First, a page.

What type of animal is featured in the painting below?

© 2001, CHIN. All Rights Reserved.

Kill site diorama at the Provincial Museum of Alberta

The Provincial Museum of Alberta

© The Provincial Museum of Alberta


Summer in southern Alberta. 9,000 years before recorded history. Armed with spears and dressed in breechcloths and moccasins, hunters waited at the side of a small lake. They waited for the bison. While the bison quenched their thirst, hunters ambushed them. The bison were killed and butchered.

Elaborately detailed - down to dripping blood on the dying beast - this kill site is one of the first displays you’ll see in The Syncrude Gallery of Aboriginal Culture. Known as the "Prehistoric Kill Site" Diorama, this was the first of five major dioramas to be completed (a diorama is a re-created three-dimensional, life-like scene).

In the late 1950s a cattle-watering dugout was excavated near Taber and this led to the discovery of the kill site. Buried under two meters of sand, this rare archaeological site was found intact and is the only buried site of this age known from the Alberta Plains. Very few undisturbed sites from the Early Prehistoric Period (11,500 to 7,500 years ago) survived. Many bison of a large and ancient form were killed there.

Archaeologists fro Read More
Summer in southern Alberta. 9,000 years before recorded history. Armed with spears and dressed in breechcloths and moccasins, hunters waited at the side of a small lake. They waited for the bison. While the bison quenched their thirst, hunters ambushed them. The bison were killed and butchered.

Elaborately detailed - down to dripping blood on the dying beast - this kill site is one of the first displays you’ll see in The Syncrude Gallery of Aboriginal Culture. Known as the "Prehistoric Kill Site" Diorama, this was the first of five major dioramas to be completed (a diorama is a re-created three-dimensional, life-like scene).

In the late 1950s a cattle-watering dugout was excavated near Taber and this led to the discovery of the kill site. Buried under two meters of sand, this rare archaeological site was found intact and is the only buried site of this age known from the Alberta Plains. Very few undisturbed sites from the Early Prehistoric Period (11,500 to 7,500 years ago) survived. Many bison of a large and ancient form were killed there.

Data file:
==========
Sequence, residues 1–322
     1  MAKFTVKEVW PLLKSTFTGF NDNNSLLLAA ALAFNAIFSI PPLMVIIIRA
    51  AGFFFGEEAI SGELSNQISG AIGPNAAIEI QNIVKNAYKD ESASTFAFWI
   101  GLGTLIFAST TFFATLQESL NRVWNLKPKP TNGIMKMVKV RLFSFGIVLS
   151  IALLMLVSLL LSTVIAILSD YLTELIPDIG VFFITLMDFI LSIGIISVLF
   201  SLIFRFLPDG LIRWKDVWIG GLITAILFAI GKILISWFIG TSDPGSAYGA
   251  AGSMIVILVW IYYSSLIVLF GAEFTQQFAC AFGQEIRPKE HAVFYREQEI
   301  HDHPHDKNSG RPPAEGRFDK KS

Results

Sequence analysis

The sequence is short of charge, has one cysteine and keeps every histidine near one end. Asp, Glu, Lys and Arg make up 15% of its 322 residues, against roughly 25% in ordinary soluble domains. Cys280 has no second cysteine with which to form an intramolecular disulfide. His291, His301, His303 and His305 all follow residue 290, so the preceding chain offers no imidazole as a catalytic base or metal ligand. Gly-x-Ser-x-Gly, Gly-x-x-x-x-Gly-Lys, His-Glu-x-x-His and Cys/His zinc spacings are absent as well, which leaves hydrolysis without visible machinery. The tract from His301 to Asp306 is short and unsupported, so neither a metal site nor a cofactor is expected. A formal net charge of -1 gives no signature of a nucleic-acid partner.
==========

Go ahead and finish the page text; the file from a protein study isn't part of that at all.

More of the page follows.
Archaeologists from the museum, in addition to others, excavated the site in the late 1980’s. Along with bison bones and spear points, they found seeds, pollen, snail shells, insects and other minute items preserved in the clay of the old lake bottom. These items allowed scientists to reconstruct the climate and vegetation at the time the site was used. It’s unusual to have such good preservation of organic remains. Other perishable objects like clothing and wooden tools didn’t survive.

Years of work and the expertise of a multi-disciplinary team have gone into re-creating the bison kill site. This is what has been accomplished:
  • Basic research was conducted by an archaeologist, palaeobotanist and other experts in ancient archaeology.
  • The 9,000 year old bison was re-created by a taxidermist and palaeontologist. The horns were reconstructed to be long and straight, unlike the short and strongly curved horns of modern bison.
  • Using Aboriginal people as models, a sculptor made two mannequins of the hunters - a slow and painful process, which saw the models shaved, smeared with oil and covered in full body plaster casts.
  • Weapons and clothing were replicated by experts.
  • The background was painted by a renowned natural history artist. The artist also prepared the foreground and coordinated the production

© 2001, CHIN. All Rights Reserved.

The animal featured in the kill site diorama is a:

1. Bison
2. Mink
3. Boar
The animal featured in the kill site diorama is a:

1. Bison
2. Mink
3. Boar

© 2001, CHIN. All Rights Reserved.

Melfort and District Museum Question
Of the following, the work of harvesting involves:
3. Harvesting the grain when it is ripe.

The Provincial Museum of Alberta
The animal featured in the kill site diorama is a:
1. Bison
Melfort and District Museum Question
Of the following, the work of harvesting involves:
3. Harvesting the grain when it is ripe.

The Provincial Museum of Alberta
The animal featured in the kill site diorama is a:
1. Bison

© 2001, CHIN. All Rights Reserved.

Learning Objectives

The learner will:
  • Relate intriguing facts about Canada
  • Increase their interest in Canadian history and culture
  • Gain an appreciation for the variety of museums in Canada